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Barge

A barge is a shoal-draft flat-bottomed boat, built for river and canal transport of bulk goods. Barges were towed by draft horses on an adjacent towpath. Today, barges may be self-propelled with a slow-revving diesel engine and a large-diameter fixed-pitch propeller. Otherwise, "dumb barges" must be pushed by pusher boats. Compared to a towed barge, a pusher system has improved handling and is more efficient, as the pushing tug becomes "part of the unit" and it contributes to the momentum of the whole. In Great Britain, during the Industrial Revolution, a substantial network of narrow canals was developed from 1750 onwards. Barges carrying bulk and heavy cargoes continue to be viable. British canals had locks only seven feet wide, so narrowboats could be no more than 6'10" wide if they were to be able to navigate the system, it was soon realised that narrow locks were too limiting, locks were doubled in width to fourteen feet. Accordingly, on the British canal system the term'barge' is used to describe a "Thames, Duch, or other styles of barge", does not include Narrowboats and Widebeams.

In the United States, deckhands are supervised by a leadman or the mate. The captain and pilot steer the towboat, which pushes one or more barges held together with rigging, collectively called'the tow'; the crew live aboard the towboat as it travels along the inland river system or the intracoastal waterways. These towboats travel between ports and are called line-haul boats. Poles are used on barges to fend off the barge as it nears a wharf; these are called'pike poles'. "Barge" is attested from Old French barge, from Vulgar Latin barga. The word could refer to any small boat. Bark "small ship" is attested from Old French barque, from Vulgar Latin barca; the more precise meaning "three-masted ship" arose in the 17th century, takes the French spelling for disambiguation. Both are derived from the Latin barica, from Greek baris "Egyptian boat", from Coptic bari "small boat", hieroglyphic Egyptian and similar ba-y-r for "basket-shaped boat". By extension, the term "embark" means to board the kind of boat called a "barque".

The long pole used to maneuver or propel a barge have given rise to the saying "I wouldn't touch that with a barge pole." Barges are used today for low-value bulk items, as the cost of hauling goods by barge is low. Barges are used for heavy or bulky items; the most common European barge can carry up to about 2,450 tonnes. As an example, on June 26, 2006, a 565-short-ton catalytic cracking unit reactor was shipped by barge from the Tulsa Port of Catoosa in Oklahoma to a refinery in Pascagoula, Mississippi. Large objects are shipped in sections and assembled onsite, but shipping an assembled unit reduced costs and avoided reliance on construction labor at the delivery site. Of the reactor's 700-mile journey, only about 40 miles were traveled overland, from the final port to the refinery. Self-propelled barges may be used as such when traveling upstream in placid waters. Canal barges are made for the particular canal in which they will operate. Many barges Dutch barges, which were designed for carrying cargo along the canals of Europe, are no longer large enough to compete in this industry with larger newer vessels.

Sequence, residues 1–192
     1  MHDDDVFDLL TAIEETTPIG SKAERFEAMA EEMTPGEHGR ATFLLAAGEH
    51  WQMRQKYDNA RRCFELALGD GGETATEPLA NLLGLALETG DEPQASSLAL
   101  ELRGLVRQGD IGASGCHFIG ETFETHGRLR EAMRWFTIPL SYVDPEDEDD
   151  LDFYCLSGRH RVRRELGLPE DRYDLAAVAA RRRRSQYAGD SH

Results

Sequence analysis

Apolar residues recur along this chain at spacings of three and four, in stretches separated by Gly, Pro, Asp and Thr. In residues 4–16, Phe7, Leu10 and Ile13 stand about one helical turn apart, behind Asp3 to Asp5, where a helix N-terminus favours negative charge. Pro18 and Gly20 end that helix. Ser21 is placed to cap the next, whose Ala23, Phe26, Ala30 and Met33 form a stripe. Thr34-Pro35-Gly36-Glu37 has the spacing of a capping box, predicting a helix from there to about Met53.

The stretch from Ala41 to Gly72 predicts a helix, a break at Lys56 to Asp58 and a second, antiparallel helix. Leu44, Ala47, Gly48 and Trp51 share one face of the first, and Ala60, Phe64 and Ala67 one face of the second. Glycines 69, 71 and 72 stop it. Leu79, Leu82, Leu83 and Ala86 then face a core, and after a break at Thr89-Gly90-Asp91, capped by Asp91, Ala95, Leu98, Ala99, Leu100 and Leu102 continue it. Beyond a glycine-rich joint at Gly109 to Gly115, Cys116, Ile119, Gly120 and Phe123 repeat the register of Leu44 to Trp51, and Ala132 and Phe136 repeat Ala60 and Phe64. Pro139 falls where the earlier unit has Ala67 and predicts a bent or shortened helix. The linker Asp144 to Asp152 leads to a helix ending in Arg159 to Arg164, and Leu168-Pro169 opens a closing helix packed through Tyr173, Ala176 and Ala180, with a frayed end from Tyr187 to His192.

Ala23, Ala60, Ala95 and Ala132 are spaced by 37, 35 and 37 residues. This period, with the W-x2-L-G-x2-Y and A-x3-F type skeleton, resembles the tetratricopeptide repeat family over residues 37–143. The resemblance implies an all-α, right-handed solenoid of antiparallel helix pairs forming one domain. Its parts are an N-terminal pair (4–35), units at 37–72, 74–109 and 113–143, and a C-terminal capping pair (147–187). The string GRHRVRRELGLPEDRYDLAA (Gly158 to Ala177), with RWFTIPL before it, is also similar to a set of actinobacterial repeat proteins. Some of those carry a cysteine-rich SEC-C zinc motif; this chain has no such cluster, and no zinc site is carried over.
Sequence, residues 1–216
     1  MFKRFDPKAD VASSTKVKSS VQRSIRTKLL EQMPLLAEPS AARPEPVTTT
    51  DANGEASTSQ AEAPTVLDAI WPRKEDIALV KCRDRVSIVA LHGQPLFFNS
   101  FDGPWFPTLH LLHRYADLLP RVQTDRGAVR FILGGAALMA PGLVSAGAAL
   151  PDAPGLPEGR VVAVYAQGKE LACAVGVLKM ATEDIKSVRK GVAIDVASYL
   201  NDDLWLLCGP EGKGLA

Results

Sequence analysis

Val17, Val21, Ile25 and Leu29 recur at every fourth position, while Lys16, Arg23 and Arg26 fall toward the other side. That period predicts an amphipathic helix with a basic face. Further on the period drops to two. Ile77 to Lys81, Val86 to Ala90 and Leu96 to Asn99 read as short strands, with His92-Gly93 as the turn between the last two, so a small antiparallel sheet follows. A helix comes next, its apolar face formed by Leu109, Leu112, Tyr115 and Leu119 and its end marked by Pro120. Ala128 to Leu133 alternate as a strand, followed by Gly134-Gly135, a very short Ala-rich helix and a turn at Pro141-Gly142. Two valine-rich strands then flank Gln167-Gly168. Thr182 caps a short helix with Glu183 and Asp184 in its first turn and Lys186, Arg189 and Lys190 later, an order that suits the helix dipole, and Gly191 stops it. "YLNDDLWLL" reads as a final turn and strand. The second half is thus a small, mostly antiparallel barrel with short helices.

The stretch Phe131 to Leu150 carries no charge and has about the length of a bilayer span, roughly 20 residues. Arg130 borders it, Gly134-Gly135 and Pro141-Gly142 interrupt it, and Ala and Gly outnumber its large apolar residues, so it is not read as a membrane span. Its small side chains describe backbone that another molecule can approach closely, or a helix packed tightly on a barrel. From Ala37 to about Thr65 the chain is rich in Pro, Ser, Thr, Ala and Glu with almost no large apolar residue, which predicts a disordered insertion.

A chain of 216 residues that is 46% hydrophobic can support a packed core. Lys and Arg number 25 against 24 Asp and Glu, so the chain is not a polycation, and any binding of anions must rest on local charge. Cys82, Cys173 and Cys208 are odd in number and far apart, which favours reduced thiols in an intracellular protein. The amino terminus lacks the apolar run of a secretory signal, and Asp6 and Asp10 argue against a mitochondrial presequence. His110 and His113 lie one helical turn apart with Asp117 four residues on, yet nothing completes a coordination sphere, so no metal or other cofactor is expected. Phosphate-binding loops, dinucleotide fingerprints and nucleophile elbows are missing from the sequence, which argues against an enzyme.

Many of these barges have been renovated and are now used as luxury hotel barges carrying holidaymakers along the same canals on which they once carried grain or coal. In primitive regions today and in all pre-development regions worldwide in times before industrial development and highways, barges were the predominant and most efficient means of inland transportation in many regions; this holds true today, for many areas of the world. In such pre-industrialized, or poorly developed infrastructure regions, many barges are purpose-designed to be powered on waterways by long slender poles – thereby becoming known on American waterways as poleboats as the extensive west of North America was settled using the vast tributary river systems of the Mississippi drainage basin. Poleboats use muscle power of "walkers" along the sides of the craft pushing a pole against the streambed, canal or lake bottom to move the vessel where desired. In settling the American west it was faster to navigate downriver from Brownsville, Pennsylvania, to the Ohio River confluence with the Mississippi and pole upriver against the current to St. Louis than to travel overland on the rare primitive dirt roads for many decades after the American Revolution.